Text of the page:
Thirty years after casinos were legalized in Biloxi, if there was thing tourism advocates fear, besides a Category 5 hurricane, it would have to be protectionism, the thought of limiting new casinos in favor of existing operators.
Just north of Biloxi, the Scarlet Pearl Casino in D’Iberville, which opened in December 2015 was the most recent casino to open on the Gulf Coast. Earlier that year, the Island View Casino in Gulfport also expanded with an adjoining operation, the Beachview Casino.
Gilich has long said he thought market was primed for growth, especially after Biloxi’s gaming revenue surged a year after the new competition.
Two proposals amounting to more than a billion dollars have been announced by developers: The UMusic Broadwater in West Biloxi and the Tivoli in East Biloxi, but neither has yet to present formal plans to the city.
“They know the market is here,” Gilich said. “They know that we have a proven track record, even when faced with man-made or natural disasters, and they know coming to Biloxi is not much of a gamble.”
Notes, Quotes And Anecdotes
When the Isle of Capri’s Emerald Lady and Diamond Lady paddle wheelers made their way to the shores of Biloxi, they were coming from Bettendorf, Iowa, where operators were escaping new competition from Illinois.
The Isle boats merely untied and moved on.
This departure was something the Mississippi Gaming Commission wanted to avoid, so the landside infrastructure requirement was put into place, requiring casino operators to spend as much money on land as on their barge. And policymakers preferred the landside infrastructure to be in the form of a hotel.
The requirement also saw a number of amenities and novelties, many of which, unfortunately, were destroyed by Katrina or gave way to higher and better uses with more of an impact on the bottom line.
But, oh the amenities.
There was Ralph Engelstad’s antique car museum at the IP (left), an attraction that, they say, moved away after Engelstad balked at the state’s request to place a taxable value of the dozens of cars, including Hitler’s parade car. He had a similar display at this Imperial Palace in Vegas.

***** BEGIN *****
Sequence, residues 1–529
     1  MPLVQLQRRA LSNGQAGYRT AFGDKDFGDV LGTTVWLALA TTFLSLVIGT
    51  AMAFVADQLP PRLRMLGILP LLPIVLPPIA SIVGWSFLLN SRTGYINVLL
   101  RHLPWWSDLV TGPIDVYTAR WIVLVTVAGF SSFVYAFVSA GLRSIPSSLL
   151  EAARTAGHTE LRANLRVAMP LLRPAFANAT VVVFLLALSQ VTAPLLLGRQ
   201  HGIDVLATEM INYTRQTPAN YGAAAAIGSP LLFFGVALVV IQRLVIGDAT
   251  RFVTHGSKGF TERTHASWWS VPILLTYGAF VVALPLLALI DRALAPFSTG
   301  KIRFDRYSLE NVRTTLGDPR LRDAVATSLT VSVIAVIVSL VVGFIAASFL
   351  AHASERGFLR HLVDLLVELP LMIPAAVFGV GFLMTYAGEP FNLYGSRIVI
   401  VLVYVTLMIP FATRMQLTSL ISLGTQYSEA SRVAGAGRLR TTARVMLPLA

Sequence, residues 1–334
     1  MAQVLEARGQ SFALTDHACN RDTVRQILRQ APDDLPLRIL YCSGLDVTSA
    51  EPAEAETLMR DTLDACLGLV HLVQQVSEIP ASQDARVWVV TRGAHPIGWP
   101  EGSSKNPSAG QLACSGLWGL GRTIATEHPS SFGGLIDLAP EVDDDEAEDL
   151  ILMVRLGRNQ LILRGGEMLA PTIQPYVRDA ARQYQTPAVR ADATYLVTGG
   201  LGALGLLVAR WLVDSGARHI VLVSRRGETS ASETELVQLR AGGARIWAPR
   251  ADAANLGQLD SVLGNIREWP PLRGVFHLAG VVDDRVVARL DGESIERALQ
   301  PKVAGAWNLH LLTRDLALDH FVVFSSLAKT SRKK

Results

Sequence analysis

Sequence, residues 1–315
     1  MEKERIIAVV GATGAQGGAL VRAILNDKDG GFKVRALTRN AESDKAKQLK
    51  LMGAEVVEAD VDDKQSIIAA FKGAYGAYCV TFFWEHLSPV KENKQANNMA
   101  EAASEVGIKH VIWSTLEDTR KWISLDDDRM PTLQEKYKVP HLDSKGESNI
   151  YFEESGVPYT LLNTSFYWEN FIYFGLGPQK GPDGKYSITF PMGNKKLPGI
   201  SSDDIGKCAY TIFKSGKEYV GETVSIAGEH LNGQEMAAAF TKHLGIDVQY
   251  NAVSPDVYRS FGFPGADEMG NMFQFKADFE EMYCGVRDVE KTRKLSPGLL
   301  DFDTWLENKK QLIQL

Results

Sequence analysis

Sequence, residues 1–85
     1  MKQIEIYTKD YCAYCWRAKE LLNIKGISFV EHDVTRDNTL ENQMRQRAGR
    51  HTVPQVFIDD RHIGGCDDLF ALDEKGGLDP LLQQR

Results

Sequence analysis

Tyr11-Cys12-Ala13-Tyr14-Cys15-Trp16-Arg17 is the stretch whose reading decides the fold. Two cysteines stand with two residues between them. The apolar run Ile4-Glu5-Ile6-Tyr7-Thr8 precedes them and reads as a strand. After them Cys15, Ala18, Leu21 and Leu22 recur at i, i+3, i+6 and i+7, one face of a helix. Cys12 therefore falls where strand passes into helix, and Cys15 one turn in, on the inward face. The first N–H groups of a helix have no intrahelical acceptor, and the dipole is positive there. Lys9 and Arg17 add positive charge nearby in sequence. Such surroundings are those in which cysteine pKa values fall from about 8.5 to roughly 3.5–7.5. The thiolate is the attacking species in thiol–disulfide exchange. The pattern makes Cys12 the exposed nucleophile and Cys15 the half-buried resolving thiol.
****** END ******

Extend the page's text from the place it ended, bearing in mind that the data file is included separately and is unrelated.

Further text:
The IP also at one time housed a movie theater, offering screens of first-run movies. And next door, Boomtown, the only casino without a hotel, offered an indoor motion theater ride, not unlike one seen at a theme park.
The Grand, on Biloxi’s Point Cadet and in Gulfport, offered Kids Quest, where parents could drop off their kids at a huge, well-supervised indoor playground.
There was the dragon at Lady Luck, and nearly all of the original casinos offered a “free pull” slot machine, typically buried deep within the casino, past slot machines and table games.
Several Gulf Coast casinos constructed nearby championship golf courses, designed as Jack Nicklaus, Arnold Palmer and others.
And when the Scarlet Pearl opened in D’Iberville in 2015, it touted its Lava Rocks, an outdoor miniature golf course (left) with its own volcano.
And some things never happened.
The Beau Rivage, in its initial plans, included a water feature not unlike the fountains outside Bellagio. Alas, there was insufficient room fronting U.S. 90.
And down on Point Cadet, in an area known that had been known as Casino Row, developers had hoped to see the billion-dollar Margaritaville, a Jimmy Buffett-themed resort that would have a small lake and sea plane in its front yard, at Oak Street and U.S. 90. It seemed a natural, albeit an ambitious one, with Biloxi having been the first place Buffett had a playing gig at the outset of his career.
Alas, financing never came to pass. “Harrah’s,” Mayor Holloway said at the time, “was the largest gaming company in the world, but at the time it also had the largest debt, too.”
A second, smaller Margaritaville did open on the northeast side of the Biloxi peninsula, but it closed after gamblers never found their way.
The third time was the charm for Margaritaville, when local developers purchased Casino Magic in Biloxi, which had been dormant since Katrina, and opened a full-scale family resort, all games but no gaming.
When Casino Magic opened its hotel and casino on Biloxi’s Point Cadet, later also known as Casino Row, Father Nicholas Filipich had walked across U.S. 90 from the St. Michael’s Catholic Church, “the church of the fishermen,” to sprinkle Holy Water on the craps table.
You don’t hear the term “dockside gaming” much anymore, but vestiges of that original vision—paddle wheelers tied to the dock—are still to be found. In fact, notes gaming authority Michael Cavanaugh, a Biloxi attorney, you still have to identify your “cruise vessel,” and to the point of whether it will cruise.
A Southern Thing
Hours before the Beau Rivage opened for business in March 1999, Steve Wynn had Biloxi Mayor A.J. Holloway over for dinner. Wynn, Holloway recalled later, complained about being able to hear the freight trains traveling through several blocks away. Holloway agreed. Later, as desert was to be served, Wynn trotted out a chocolatier, who he said had just won an international competition. Said Wynn: “Mayor, did you ever think you would have a fantastic resort like this in your town, and you’d be enjoying dessert served by a world-renowned chocolatier?” And don’t forget, Holloway said, “With a railroad too.”
Months before Katrina devastated the Gulf Coast, Holloway, recognizing the importance of the industry’s revenue to the city, convinced the City Council to spend $94,000 on a $10 million business-interruption policy, which would reimburse the city should disaster cause any loss in casino revenue. Why $10 million? Because that was six months of revenue, and, as Holloway said, “no storm will close the casinos for six months.” The first to open was IP, three months after the storm. Didn’t matter because the city had already booked a $10 million winner.